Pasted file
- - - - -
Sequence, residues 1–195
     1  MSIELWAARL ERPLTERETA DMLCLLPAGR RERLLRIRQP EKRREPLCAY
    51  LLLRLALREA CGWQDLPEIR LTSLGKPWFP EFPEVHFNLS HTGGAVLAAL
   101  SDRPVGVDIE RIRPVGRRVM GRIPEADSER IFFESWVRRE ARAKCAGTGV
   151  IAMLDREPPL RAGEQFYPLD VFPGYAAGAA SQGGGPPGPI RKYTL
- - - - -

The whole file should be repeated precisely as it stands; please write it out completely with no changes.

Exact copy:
Sequence, residues 1–195
     1  MSIELWAARL ERPLTERETA DMLCLLPAGR RERLLRIRQP EKRREPLCAY
    51  LLLRLALREA CGWQDLPEIR LTSLGKPWFP EFPEVHFNLS HTGGAVLAAL
   101  SDRPVGVDIE RIRPVGRRVM GRIPEADSER IFFESWVRRE ARAKCAGTGV
   151  IAMLDREPPL RAGEQFYPLD VFPGYAAGAA SQGGGPPGPI RKYTL